Barre chords are simply chords played on the fretboard, usually without open strings. In other words, the same fingering for an E Major (0-2-2-3-0-0) can be moved up the fretboard to the second fret. Instead of the open E and B strings, they are barred and the result is an F♯ Major (2-4-4-3-2-2). If you were to move this formation up the eighth fret, the result would be a C Major (8-10-10-9-8-8).
They may occur anywhere up or down the fretboard, so long as the prescribed fingering remains the same. These chords are named for the bass note, so whichever note is the lowest is the name of that particular chord. For example, if you were to bar the A, D, G, and B strings on the third fret, that chord would be a C9sus4; if you were to bar the sixth fret it would be a D♯9sus4 (or an E♭sus4 depending on the key of the song).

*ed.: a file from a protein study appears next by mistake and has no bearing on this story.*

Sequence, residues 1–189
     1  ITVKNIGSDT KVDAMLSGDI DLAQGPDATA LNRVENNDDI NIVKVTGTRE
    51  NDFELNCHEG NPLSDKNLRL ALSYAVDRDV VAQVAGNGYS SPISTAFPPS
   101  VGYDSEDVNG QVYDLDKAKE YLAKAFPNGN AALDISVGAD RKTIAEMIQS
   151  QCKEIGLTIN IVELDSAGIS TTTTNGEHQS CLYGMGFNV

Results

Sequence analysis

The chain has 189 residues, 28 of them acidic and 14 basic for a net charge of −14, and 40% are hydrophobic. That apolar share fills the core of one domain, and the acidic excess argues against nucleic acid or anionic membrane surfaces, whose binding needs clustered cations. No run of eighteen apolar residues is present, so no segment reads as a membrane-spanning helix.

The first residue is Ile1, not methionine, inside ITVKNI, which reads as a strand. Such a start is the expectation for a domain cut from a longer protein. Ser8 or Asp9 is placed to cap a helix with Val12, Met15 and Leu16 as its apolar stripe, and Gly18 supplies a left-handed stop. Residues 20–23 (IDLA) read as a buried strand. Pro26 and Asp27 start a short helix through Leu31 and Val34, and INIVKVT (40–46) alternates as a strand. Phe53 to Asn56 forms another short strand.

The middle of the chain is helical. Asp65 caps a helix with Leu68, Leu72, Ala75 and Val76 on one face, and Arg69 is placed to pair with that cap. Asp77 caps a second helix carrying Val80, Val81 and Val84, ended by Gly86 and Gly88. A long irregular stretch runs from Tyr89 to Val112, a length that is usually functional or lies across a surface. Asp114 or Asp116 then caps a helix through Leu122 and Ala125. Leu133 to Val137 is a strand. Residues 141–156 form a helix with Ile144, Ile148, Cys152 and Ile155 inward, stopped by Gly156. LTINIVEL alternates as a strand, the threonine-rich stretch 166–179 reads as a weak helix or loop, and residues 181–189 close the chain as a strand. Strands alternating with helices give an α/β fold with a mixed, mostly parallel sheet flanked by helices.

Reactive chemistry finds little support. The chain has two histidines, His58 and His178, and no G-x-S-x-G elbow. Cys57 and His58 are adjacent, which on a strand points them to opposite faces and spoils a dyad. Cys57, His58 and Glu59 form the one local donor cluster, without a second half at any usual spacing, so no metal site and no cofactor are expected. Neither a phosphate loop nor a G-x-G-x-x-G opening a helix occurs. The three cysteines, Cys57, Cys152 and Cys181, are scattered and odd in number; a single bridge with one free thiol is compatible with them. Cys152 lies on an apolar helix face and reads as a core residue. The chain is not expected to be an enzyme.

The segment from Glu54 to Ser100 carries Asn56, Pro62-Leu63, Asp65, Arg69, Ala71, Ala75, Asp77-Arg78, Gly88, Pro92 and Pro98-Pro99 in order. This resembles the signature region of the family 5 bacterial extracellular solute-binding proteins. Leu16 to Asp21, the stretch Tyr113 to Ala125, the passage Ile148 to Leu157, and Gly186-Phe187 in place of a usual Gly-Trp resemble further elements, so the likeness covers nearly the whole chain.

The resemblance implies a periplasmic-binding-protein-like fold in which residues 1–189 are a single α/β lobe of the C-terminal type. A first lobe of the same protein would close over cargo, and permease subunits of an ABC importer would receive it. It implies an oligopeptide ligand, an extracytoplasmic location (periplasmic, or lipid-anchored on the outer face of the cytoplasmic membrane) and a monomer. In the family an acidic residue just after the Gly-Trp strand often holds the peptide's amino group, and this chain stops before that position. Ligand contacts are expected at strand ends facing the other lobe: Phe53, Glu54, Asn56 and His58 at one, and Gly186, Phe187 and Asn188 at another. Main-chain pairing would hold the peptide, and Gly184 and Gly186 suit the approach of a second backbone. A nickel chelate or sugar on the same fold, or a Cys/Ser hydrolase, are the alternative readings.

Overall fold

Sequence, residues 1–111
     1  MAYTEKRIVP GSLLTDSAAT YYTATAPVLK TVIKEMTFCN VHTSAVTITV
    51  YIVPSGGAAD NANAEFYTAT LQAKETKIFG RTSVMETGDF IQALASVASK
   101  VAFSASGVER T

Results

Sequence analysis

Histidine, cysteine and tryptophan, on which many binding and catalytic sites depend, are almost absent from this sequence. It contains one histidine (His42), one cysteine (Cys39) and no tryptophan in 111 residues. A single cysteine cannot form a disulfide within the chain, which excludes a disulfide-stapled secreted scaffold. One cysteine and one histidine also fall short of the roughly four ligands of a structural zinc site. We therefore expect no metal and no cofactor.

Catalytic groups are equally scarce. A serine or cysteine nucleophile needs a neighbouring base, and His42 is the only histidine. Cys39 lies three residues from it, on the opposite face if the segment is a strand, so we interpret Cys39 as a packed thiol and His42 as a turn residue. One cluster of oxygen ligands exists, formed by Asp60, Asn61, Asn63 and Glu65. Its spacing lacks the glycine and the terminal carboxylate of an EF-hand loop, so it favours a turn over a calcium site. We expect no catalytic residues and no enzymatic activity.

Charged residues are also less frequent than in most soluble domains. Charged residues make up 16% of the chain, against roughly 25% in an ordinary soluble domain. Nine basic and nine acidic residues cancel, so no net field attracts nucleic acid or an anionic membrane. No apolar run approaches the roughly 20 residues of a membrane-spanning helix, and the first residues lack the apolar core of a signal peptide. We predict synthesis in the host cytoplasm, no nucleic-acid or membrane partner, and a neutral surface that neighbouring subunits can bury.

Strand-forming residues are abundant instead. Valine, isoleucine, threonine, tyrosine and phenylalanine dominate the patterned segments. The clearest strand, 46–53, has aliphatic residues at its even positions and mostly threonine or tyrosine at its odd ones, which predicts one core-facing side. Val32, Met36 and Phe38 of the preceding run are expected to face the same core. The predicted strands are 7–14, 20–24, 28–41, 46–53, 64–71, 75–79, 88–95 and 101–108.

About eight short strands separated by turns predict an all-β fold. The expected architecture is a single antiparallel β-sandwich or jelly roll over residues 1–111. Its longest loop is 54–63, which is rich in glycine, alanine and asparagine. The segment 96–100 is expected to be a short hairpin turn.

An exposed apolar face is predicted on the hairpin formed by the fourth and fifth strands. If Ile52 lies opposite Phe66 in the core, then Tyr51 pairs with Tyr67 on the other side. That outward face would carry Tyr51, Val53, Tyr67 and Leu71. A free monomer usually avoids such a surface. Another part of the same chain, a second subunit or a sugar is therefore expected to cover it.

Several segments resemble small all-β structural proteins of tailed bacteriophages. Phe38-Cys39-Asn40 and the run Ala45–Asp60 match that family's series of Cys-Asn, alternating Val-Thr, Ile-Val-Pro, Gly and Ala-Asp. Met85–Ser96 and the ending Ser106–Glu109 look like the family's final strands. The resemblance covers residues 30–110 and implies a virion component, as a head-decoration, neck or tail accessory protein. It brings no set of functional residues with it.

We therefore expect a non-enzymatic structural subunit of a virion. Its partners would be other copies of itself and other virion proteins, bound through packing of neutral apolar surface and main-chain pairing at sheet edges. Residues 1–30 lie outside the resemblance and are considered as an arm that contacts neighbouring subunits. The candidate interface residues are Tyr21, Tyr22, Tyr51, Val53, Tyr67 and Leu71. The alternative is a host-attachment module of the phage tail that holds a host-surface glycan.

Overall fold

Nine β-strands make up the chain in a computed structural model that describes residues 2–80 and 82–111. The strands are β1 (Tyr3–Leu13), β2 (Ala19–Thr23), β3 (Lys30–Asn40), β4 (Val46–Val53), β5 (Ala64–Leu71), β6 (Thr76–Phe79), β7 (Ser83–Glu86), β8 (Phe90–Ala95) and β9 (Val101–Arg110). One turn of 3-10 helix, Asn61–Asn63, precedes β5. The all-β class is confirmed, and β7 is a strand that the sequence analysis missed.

These chords make playing an E♭ or A♭ Major possible while remaining in natural tuning (e.g. E♭ x-6-8-8-8-6 and A♭ 4-6-6-5-4-4). Otherwise, these chords could not be played unless the tune is altered or a capo is used.